Mining companies are required to submit more than one
Mining Lease Application where multiple petroleum tenures
held by different owners cover the whole of a proposed mining
lease application area.
Pursuing a mining lease application as a single application
or as multiple applications was formerly a decision that could
be made at the discretion of the mining lease applicant. But
this is no longer the case. Recent changes to the Mineral
Resources Act mean that, in some circumstances, mining lease
applications must be split.
If a mining lease applicant is seeking a mining lease for
coal or oil shale over an area that is partly subject to
petroleum tenures (ie. authorities to prospect or petroleum
leases) and partly not, then separate mining lease applications
must be made for each of those areas.
Separate mining lease applications will also be required if
there are both petroleum leases and authorities to prospect
over the area of the mining lease application and those
authorities to prospect and petroleum leases are held by
The splitting of mining leases is now mandatory in these
Although the policy rationale for this mandatory splitting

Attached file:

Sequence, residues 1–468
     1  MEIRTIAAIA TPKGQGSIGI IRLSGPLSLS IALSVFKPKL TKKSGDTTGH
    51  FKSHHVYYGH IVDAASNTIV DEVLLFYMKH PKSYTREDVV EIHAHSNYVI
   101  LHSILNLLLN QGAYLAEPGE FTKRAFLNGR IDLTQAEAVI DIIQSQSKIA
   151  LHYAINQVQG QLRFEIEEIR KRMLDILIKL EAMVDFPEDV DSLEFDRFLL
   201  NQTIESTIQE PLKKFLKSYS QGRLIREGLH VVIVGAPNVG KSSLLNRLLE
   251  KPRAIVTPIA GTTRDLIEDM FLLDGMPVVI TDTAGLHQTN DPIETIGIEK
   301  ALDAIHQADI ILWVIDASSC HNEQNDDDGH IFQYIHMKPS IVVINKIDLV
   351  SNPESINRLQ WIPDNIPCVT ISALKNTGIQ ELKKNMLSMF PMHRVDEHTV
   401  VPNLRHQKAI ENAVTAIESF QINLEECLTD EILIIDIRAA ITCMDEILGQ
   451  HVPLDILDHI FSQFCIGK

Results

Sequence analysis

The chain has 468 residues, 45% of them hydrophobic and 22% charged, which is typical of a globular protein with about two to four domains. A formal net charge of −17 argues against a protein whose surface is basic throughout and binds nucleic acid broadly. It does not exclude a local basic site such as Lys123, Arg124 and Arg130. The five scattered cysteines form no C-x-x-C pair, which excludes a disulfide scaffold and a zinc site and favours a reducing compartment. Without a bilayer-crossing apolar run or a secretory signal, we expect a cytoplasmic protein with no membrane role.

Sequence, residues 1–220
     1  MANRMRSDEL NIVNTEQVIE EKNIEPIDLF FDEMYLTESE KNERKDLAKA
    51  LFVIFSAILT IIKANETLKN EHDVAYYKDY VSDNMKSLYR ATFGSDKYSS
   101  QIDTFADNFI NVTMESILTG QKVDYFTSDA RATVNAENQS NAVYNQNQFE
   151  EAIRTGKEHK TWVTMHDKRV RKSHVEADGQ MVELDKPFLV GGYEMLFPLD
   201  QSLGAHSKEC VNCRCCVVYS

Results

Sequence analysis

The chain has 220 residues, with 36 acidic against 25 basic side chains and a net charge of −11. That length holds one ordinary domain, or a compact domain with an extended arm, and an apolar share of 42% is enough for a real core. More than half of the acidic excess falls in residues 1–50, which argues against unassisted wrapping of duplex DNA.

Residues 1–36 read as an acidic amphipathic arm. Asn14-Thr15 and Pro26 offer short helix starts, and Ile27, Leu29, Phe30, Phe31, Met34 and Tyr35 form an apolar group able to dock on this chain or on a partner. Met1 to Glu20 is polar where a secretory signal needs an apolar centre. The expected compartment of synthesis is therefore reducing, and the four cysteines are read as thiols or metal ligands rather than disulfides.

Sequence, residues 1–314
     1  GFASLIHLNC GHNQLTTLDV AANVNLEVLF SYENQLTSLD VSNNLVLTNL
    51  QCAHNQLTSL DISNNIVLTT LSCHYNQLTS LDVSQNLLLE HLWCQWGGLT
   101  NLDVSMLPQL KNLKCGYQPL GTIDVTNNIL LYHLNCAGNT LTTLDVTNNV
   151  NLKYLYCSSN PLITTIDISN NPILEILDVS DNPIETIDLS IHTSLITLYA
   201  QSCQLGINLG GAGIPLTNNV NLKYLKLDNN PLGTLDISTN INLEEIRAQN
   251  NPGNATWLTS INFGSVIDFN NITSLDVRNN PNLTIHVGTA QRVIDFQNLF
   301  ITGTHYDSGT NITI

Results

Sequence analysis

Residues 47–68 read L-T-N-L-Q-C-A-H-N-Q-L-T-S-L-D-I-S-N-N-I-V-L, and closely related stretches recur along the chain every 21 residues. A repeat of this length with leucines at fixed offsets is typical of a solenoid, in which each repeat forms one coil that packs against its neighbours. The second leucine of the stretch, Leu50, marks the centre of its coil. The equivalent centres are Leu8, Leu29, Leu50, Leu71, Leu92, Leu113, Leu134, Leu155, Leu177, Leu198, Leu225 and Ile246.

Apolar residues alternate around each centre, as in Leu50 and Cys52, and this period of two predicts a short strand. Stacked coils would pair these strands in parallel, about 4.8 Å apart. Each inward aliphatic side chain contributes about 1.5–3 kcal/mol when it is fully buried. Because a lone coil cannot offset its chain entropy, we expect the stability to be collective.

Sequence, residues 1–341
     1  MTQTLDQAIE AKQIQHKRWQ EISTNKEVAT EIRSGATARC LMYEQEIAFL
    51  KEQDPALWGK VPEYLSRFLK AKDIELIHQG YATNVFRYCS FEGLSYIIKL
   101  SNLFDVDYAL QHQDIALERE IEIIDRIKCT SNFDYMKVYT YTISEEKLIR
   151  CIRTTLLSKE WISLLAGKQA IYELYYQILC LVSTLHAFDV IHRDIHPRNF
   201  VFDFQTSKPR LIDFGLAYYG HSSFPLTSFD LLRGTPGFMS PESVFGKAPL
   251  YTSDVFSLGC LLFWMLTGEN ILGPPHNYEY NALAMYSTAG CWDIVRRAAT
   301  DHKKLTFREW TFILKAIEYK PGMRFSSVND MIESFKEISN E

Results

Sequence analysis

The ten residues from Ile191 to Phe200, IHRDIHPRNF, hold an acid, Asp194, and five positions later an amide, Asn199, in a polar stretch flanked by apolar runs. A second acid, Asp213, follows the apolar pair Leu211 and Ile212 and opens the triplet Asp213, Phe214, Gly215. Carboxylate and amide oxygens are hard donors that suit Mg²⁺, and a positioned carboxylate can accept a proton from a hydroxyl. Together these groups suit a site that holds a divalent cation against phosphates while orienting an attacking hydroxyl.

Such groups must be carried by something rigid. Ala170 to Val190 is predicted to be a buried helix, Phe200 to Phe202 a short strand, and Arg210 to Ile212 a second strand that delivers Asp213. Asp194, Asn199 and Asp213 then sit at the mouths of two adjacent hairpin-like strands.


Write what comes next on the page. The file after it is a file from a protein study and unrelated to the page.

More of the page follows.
is obvious (ie. splitting the mining lease applications allow
co-ordination arrangements to be negotiated in respect of the
affected part of the mining lease area with the appropriate
parties), this has several implications for miners:
multiple mining leases will require additional
administration and management to prosecute; eg. separate
paperwork for each application;
the applications could proceed at different rates,
meaning that different steps are being taken at different
times, which adds additional management complexity;
there is a risk that some, but not all of the mining
leases will be granted. As it is likely that all of the
mining leases will be required in order to establish a viable
project, the failure of any mining lease application could be
fatal to the project;
other processes relating to the applications will also
need to align with the multiple applications, eg.
environmental authority applications, landowner dealings,
native title processes. All of these processes must now be
organised to fit around the coal seam gas process.
Mining lease applicants will therefore need to carefully
scrutinise the petroleum tenures overlapping the proposed
mining lease area prior to lodging any mining lease application
and will need to develop a strategy for managing multiple
applications around the existing petroleum tenures. This is by
no means insurmountable, but emphasises the importance of
properly developing a full and detailed strategic plan at the
beginning of the application process.
The content of this article is intended to provide a
general guide to the subject matter. Specialist advice should
be sought about your specific circumstances.
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The article examines the regulation of the oil and gas industry and breaks down the regulatory process state by state.
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